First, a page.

The attaching means is selected from the group consisting of staples, adhesives, heat sealing, sonic sealing, and mechanical sealing. Each of the two sheets are between approximately 3.5 mils and approximately 10 mils. in thickness to allow for wind noise suppression together with tensile strength and optical clarity. The bottoms of the two sheets have at least one opening through which to receive means for holding the plastic replacement window with extension, for vehicles, in place on the motor vehicle door. The opening(s) is/are reinforced by a grommet. There is fastening means, which is inserted through the at least one opening to secure the plastic replacement window with extension, for vehicles in place to the vehicle door. Fastening means may be tie-down cords, hooked cords, chains and the like.
The extension connecting means includes filamentary loop and hook fasteners. The two sheets, forming the temporary window, are made of a material selected from the group consisting of polyester, transparent grade polyethylene terephthalate, biaxially oriented polypropylene, polyethylene, film grade polymethylmetharcylate, and film based on or containing polystyrene.
The temporary vehicle replacement window according to the present invention comprises the two sheets of transparent polymeric film attached to each other by a plastic melt or staples, or otherwise forming a two-layered transparent air-impervious composite envelope. The two sheets of transparent polymeric film can be cut or pulled open along a series of preselected lines such that this temporary window envelope can be opened along its preselected contours, making it adaptable to vehicle doors of various dimensions. In the alternative, the article can be manufactured in a variety of sizes to obviate the need for adjusting to a “one size fits all” model. The overall shape and geometry of the two-sheeted, composite, air impervious, temporary window envelope are calculated to envelop the entire upper portion of the door frame surrounding the broken window. The structure of the present invention also prevents the remaining fragments from falling into the vehicle from the door frame. The extension, which is connectable to one of the two sheets of the temporary window and covers the vehicle seat adjacent to the broken window, is made of a sheet composed of a polymeric or natural material that is impenetrable by shards of glass that may remain on the seat within the vehicle after the window has been broken. The polymeric or natural material may include film sheets, woven sheets and sheets formed of film coated woven material.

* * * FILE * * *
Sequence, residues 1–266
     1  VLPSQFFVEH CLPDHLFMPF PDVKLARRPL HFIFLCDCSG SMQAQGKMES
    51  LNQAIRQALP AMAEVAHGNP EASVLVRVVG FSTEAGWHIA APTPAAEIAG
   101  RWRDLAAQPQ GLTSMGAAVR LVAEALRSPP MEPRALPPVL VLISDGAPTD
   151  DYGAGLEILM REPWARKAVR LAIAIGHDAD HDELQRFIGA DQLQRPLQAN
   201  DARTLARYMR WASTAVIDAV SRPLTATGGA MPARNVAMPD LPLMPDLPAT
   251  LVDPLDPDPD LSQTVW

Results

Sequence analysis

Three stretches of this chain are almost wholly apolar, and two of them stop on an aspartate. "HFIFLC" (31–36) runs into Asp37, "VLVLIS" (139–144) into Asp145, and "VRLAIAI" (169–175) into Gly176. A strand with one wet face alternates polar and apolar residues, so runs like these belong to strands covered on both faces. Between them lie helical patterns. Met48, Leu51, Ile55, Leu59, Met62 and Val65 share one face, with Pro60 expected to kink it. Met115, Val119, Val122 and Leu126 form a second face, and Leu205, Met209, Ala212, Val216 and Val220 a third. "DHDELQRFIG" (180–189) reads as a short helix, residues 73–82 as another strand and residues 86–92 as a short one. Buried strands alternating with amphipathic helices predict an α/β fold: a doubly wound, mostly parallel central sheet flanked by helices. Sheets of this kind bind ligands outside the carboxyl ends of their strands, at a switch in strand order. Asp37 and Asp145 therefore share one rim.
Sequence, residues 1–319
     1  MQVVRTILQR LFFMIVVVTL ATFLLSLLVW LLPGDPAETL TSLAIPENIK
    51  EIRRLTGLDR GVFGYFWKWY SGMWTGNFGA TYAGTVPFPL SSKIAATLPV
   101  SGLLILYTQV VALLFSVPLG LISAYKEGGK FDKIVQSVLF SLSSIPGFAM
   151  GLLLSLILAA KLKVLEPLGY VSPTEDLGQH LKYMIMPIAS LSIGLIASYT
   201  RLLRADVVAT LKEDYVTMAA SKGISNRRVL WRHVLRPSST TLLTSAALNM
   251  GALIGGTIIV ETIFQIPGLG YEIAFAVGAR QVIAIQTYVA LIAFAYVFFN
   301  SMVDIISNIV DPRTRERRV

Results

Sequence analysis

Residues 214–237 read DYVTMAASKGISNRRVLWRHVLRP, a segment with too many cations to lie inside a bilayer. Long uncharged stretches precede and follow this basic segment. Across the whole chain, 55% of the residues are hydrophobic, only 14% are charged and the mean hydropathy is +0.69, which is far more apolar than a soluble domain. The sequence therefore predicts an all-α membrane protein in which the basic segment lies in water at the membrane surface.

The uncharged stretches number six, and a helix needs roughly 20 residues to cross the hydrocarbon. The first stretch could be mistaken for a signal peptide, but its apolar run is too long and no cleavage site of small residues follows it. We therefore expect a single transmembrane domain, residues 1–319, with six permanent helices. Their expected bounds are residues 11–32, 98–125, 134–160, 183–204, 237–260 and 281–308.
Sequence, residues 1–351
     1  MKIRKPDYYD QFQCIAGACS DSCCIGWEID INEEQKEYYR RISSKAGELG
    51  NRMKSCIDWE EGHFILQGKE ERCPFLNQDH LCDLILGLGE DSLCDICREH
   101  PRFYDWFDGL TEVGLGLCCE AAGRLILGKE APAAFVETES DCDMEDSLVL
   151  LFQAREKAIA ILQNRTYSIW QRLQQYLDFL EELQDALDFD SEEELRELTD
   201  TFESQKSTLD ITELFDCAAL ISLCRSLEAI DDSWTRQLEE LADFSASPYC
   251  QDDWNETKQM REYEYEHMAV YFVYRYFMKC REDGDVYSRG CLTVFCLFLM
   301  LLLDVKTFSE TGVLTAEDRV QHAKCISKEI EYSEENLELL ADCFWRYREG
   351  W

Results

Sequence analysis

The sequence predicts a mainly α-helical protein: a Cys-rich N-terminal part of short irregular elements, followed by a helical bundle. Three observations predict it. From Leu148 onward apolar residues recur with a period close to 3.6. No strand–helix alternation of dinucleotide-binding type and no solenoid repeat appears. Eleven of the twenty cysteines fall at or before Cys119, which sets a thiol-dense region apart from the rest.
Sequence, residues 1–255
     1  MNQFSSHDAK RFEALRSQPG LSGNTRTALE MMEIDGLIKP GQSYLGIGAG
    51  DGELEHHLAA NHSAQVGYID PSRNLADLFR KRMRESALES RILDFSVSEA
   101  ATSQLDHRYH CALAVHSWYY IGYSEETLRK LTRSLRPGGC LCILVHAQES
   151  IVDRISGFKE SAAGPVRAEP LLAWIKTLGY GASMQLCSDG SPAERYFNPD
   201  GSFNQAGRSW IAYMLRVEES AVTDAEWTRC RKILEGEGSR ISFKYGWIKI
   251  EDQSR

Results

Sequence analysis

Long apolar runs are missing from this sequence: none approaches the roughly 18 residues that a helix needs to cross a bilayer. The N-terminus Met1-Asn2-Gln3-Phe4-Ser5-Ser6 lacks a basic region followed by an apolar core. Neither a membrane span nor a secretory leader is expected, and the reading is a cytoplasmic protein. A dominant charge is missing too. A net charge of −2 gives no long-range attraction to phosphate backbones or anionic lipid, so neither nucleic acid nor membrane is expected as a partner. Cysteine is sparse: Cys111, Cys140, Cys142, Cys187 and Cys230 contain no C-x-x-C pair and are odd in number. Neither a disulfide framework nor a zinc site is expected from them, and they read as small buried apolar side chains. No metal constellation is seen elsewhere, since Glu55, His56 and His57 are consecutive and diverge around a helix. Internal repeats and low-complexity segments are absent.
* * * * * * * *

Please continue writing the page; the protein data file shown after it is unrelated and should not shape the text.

The novelty of the temporary replacement window system with extension described herein is that it can be effectively used to envelope and seal the area of the broken window and protect the seat of the person seated in the place in the vehicle adjacent to the broken window without having to use any glue, tape or other sticky or messy adhesives, which may result in an inadequate or imperfect seal. The presence of such an adhesive could cause clouding of the plastic or could cause other visibility problems, should same contact the transparent portions of the plastic through which the user needs to look.
The various features of novelty which characterize the invention as pointed out with particularity in the claims annexed to and forming part of the disclosure. For a better understanding of the invention, its operating advantages, and specific objects attained by its use, reference should be had to the drawings and descriptive matter in which there are illustrated and described, preferred embodiments of the invention.
The present invention should be more fully understood when the specification herein is taken in conjunction with the drawings appended hereto wherein:
FIG. 1 illustrates a typical temporary window, which is an element of the present invention plastic replacement window with extension, for vehicles, having a pre-selected pattern corresponding to its use on any given vehicle side door window when the temporary window is laid over the door frame of the vehicle;
FIG. 2 is an enlarged cross-sectional cut view of the temporary window of FIG. 1 along 2—2 of FIG. 1, illustrating two typical sheets which are precut and notched for additional fastening;
FIG. 3 illustrates the typical installation of the temporary window on a vehicle; and
FIG. 4 illustrates a present invention plastic replacement window with extension, for vehicles having a temporary window and an extension.